Constructive dismissal relates to an unfortunate situation in which an employee finds themselves forced to leave their job against their will, due to conduct by the company. There are a number of reasons that people leave their employment, and these can be serious, for example non-payment of salary or a demotion in a role. A company may also force an employee on to night shift when the contract is for day work only. Allowing other employees to harass or bully a worker, making life in the business uncomfortable, also can lead to a positive outcome in a claim.
What is the first step in the process?
Employees who feel they are being unfairly treated should first speak to their employer to try to resolve the issue before it escalates. Often, getting management involved and getting both sides to state their case may lead to a resolution that suits both parties.
When is dismissal likely to be deemed unfair?
There are various reasons as to why a dismissal may be deemed unfair. For example, if a parent lodged an application for flexible working and they were refused with no reason given, this can be unfair. A refusal to allow an employee to take rest breaks leading to tiredness and stress, can also be unfair. Treating someone differently because they joined a trade union or took part in industrial action can also amount to constructive dismissal. Refusing to allow an employee time off for jury service, treating a new mother differently upon her return from maternity leave, whistleblowing and forcing someone to retire due to their age are all potentially valid reasons for constructive dismissal claims.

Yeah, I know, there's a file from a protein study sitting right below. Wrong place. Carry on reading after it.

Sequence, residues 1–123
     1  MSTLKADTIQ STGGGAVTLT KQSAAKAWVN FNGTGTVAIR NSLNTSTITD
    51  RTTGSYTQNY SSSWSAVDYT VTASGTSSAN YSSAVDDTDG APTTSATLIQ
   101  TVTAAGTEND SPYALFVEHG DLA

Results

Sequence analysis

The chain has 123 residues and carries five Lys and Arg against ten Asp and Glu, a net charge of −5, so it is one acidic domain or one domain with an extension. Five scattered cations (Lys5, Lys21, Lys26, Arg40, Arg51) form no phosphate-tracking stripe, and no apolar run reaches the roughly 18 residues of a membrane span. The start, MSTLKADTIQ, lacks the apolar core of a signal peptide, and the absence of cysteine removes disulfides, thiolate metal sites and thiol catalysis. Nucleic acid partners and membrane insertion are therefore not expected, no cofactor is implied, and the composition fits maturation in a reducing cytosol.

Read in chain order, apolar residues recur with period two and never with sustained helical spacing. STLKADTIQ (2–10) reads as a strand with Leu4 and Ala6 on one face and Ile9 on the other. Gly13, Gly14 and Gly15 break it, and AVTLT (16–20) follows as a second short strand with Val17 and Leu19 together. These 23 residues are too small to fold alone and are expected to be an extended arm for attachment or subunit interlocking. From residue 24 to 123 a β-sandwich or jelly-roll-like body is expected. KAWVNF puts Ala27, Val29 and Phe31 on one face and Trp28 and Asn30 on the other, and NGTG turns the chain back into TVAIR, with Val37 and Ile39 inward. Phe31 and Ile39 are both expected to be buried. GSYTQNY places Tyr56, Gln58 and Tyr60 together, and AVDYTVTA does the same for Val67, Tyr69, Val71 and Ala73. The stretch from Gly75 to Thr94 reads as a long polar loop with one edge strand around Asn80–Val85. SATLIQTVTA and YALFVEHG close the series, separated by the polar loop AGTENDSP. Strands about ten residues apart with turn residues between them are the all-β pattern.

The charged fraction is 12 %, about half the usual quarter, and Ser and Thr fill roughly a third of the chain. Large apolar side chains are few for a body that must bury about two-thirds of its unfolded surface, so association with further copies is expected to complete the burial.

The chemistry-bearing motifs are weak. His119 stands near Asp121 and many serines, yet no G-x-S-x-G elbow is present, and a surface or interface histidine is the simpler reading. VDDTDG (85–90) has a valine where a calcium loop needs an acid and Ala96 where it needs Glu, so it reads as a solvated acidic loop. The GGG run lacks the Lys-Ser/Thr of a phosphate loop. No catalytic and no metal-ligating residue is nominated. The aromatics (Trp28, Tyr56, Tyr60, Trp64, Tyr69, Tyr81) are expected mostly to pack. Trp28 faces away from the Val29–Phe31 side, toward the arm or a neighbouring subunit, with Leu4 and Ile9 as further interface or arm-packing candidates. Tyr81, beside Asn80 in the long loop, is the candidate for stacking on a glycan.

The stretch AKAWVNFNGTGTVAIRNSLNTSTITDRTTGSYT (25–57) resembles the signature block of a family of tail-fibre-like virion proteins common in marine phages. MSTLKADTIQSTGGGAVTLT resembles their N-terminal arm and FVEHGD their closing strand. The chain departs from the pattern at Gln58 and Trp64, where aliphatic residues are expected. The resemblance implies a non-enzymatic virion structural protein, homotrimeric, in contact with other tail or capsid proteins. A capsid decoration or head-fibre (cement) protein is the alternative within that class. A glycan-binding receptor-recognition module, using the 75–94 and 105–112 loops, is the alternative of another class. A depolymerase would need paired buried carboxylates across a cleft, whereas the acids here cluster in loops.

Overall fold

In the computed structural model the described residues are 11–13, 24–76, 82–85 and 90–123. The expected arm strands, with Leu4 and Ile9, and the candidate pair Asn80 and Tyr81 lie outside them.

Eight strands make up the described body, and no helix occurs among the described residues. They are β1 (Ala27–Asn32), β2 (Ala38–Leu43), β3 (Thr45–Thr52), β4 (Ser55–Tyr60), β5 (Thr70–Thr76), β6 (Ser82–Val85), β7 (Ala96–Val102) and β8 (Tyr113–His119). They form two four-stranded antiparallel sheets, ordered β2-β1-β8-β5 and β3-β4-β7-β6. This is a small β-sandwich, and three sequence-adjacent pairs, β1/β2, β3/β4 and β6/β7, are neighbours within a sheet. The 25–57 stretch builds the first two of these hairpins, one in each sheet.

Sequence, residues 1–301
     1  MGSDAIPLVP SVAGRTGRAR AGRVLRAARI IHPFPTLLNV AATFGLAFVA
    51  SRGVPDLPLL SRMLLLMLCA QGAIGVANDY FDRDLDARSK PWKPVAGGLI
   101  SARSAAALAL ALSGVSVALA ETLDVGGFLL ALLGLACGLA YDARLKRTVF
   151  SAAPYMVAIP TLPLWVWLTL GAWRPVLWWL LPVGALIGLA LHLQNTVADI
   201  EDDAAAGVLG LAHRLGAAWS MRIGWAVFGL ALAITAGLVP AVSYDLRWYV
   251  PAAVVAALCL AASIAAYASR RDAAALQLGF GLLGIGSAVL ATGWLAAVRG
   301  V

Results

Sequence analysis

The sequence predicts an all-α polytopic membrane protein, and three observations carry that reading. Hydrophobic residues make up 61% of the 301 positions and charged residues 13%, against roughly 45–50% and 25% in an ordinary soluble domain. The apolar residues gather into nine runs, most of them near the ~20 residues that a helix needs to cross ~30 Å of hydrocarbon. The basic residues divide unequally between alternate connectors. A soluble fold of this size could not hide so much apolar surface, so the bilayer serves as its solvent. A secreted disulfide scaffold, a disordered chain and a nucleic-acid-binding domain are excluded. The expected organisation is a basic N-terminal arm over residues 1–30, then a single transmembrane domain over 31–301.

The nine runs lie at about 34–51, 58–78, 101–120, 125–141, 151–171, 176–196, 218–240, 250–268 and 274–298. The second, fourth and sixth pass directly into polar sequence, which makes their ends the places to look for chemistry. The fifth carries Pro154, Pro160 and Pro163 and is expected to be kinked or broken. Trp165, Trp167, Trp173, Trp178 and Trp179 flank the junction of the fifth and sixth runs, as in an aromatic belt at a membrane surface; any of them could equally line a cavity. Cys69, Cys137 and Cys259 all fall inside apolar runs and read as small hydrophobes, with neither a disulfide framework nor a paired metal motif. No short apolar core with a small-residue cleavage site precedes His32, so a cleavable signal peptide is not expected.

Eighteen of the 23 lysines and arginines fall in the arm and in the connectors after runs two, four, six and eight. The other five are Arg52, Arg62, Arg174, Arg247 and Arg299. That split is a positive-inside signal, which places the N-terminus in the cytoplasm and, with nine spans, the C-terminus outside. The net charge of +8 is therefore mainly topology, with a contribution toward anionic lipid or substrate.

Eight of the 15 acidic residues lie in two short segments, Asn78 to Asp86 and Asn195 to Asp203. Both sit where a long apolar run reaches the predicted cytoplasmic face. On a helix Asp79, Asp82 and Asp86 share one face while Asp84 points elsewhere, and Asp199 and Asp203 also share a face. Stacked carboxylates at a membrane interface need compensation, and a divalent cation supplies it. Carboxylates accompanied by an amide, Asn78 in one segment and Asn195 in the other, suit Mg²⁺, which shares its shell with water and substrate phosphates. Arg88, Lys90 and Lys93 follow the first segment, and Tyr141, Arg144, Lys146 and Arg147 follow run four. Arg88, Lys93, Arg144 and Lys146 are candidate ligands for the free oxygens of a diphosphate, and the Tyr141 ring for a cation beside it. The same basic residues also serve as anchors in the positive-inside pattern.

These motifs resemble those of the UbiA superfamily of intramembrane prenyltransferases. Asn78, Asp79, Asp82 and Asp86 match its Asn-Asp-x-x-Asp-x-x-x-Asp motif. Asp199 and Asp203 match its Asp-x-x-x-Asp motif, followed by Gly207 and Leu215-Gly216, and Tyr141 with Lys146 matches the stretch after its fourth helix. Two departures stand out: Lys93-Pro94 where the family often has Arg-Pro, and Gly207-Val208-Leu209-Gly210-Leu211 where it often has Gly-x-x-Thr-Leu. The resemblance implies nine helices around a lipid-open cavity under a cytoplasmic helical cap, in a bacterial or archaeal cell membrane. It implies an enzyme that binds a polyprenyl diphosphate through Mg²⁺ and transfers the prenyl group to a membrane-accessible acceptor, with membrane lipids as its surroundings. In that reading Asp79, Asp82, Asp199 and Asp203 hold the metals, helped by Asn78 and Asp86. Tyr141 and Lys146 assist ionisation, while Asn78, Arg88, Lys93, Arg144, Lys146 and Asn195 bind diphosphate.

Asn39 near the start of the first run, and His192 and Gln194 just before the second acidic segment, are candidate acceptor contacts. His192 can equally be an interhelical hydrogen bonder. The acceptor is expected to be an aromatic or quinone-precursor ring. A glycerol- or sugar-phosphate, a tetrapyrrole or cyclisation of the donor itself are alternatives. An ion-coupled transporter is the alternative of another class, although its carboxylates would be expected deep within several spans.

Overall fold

What if I notice a continuing pattern of behaviour on the part of the employer?
It could be more than just one incident that is deemed a breach of contract by the employer. Often, employees will detect a continuing pattern of behaviour or a cluster of incidents which, when put together, amount to a breach. Bullying and harassment are examples of sustained behaviour that can lead to an employee feeling isolated, frustrated, stressed and harassed. The final incident which leads an employee to resign from the company should be combined with previous incidents to present a case that shows breach of trust.
Who can help me with a constructive dismissal claim?
An https://www.employmentlawfriend.co.uk/constructive-dismissal Employment Law Friend constructive dismissal claim can help get you back on your feet and prepare for a new working future. Taking guidance from professionals is the first step in the process if all else fails. Professionals will be able to demonstrate that the employer has not just behaved unreasonably but that there has been a fundamental breach of a contractual term.
They will be able to show that the employee has resigned because of the breach and not for another unrelated reason. In a recent case an English teacher won a legal case after she was given ‘humiliating’ feedback on lessons by assessors who reportedly broke their own rules. The teacher was then accused of ‘playing the race card’ when she made a complaint.
How long must I be employed by the company to make a claim for constructive dismissal?
The minimum threshold is two years, so you will need to be in that position for the full two years. Unfortunately, employers can dismiss an employee with less than two years’ service without having to demonstrate a valid reason for the decision. After the two years are completed, an employee will have the right to begin a claim for unfair dismissal if they find themselves in that unfortunate position.